The French government’s spending on research will stay flat at around €7 billion (US$7.6 million) in 2020 — a sure disappointment to scientists who say that their president and prime minister have often emphasized the importance of research. But many are already looking forward to 2021, when the government is expected to create its first national strategy for research — a plan designed to energize French science that might come with a meatier funding boost.
The 2020 draft budget, announced on 26 September and adopted by the governing cabinet the following day, will increase funds for the French Ministry of Higher Education, Research and Innovation by 2%, to €25.35 billion. The portion that is earmarked for research, however, is €6.94 billion — the same amount as last year.
“It is disappointingly low,” says Patrick Monfort, secretary-general of the French National Trade Union of Scientific Researchers. “The president and prime minister say there is an urgent need to support research. If this is a priority, a significant budget increase should not have to wait until the plan begins in 2021.”
But Monfort acknowledges that science funding could have suffered more because of the billions of euros in tax cuts that the government granted in the budget to appease the ‘yellow vest’ demonstrators, who started their movement last November, protesting against the Macron government’s economic reform policies.
‘Erosion and stagnation’
The forthcoming national research strategy, announced by Prime Minister Édouard Philippe in February, is currently under development and set to begin in 2021. The government says that its aim is to protect research funding, boost the recruitment of early-career scientists and help France to stand out in an increasingly competitive global research landscape.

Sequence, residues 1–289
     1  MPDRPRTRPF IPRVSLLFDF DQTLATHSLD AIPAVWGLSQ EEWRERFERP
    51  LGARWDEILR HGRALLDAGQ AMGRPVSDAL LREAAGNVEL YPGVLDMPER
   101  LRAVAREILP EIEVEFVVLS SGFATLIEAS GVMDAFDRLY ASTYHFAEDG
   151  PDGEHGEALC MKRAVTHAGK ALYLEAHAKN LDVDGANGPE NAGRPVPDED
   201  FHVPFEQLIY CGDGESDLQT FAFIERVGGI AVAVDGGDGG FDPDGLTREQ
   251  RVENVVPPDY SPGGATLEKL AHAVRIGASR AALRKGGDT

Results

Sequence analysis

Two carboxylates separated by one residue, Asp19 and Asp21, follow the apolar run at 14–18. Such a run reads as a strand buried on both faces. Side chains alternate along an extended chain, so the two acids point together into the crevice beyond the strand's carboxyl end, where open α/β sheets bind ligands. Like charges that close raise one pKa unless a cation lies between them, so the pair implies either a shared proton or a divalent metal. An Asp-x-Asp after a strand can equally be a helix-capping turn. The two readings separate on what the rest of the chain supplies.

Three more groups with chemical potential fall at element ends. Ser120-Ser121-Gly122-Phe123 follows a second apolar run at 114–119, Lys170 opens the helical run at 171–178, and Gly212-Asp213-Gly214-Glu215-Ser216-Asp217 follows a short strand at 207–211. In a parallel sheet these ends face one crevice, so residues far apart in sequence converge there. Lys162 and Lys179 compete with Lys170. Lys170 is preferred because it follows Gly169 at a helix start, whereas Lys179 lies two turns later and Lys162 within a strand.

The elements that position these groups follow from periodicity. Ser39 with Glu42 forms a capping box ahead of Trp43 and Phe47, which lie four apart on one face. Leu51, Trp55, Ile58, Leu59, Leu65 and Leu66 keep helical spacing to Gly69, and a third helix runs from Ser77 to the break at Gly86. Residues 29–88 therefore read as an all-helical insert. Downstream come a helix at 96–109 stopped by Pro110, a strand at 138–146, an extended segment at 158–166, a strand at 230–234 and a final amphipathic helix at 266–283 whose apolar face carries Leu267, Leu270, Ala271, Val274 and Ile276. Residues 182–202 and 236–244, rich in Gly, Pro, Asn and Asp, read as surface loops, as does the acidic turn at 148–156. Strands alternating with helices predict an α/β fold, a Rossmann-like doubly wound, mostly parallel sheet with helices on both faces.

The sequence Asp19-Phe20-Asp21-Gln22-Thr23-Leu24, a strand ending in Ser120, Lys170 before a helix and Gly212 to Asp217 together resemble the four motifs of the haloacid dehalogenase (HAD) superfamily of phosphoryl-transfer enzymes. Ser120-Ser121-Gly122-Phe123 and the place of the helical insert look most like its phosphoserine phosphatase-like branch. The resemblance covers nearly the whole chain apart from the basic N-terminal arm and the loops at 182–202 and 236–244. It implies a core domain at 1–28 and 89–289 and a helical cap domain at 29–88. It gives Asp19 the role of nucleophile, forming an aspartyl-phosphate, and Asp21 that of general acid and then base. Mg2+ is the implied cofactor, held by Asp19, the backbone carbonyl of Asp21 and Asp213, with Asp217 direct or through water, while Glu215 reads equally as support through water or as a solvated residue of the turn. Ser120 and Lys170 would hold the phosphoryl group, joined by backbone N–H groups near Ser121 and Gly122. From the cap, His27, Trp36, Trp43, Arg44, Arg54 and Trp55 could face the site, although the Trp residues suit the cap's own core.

The strategy will be enshrined in a law that is expected to come into effect on 1 January 2021 — but details, including how long it will last and how much money will come with it, are still being hammered out.
The latest budget figures come three days after working groups that are helping to develop the strategy released reports that paint a bleak picture of French science. The reports assess the status of research funding, science careers and innovation in France, and outline the groups’ proposals for the plan.
There has been an “erosion and stagnation of French research, both in spending and scientific output”, says the report on science careers. The working groups call for a significant increase — between €2 billion and €3.6 billion — in research spending each year so that France can catch up to international standards for scientists’ pay, working conditions and innovation.
The reports are the first time that the government has officially acknowledged that French research is in poor shape, says Patrick Lemaire, a biologist at the University of Montpellier in France and founder of the researcher-led campaign group Sciences en Marche. He hopes that the spirit and pragmatism of the proposals — to boost funding, keep what works and experiment with changes on a small scale — will carry through to the final law.
Olivier Berné, an astrophysicist who founded the protest movement RogueESR — which lobbies for better working conditions in science and higher education — says that the proposals do not respond to several demands of the scientific community. These include reducing bureaucracy, and for a smaller proportion of the budget to be disbursed through competitive grant programmes, says Berné, who is at the Research Institute in Astrophysics and Planetology (IRAP) in Toulouse.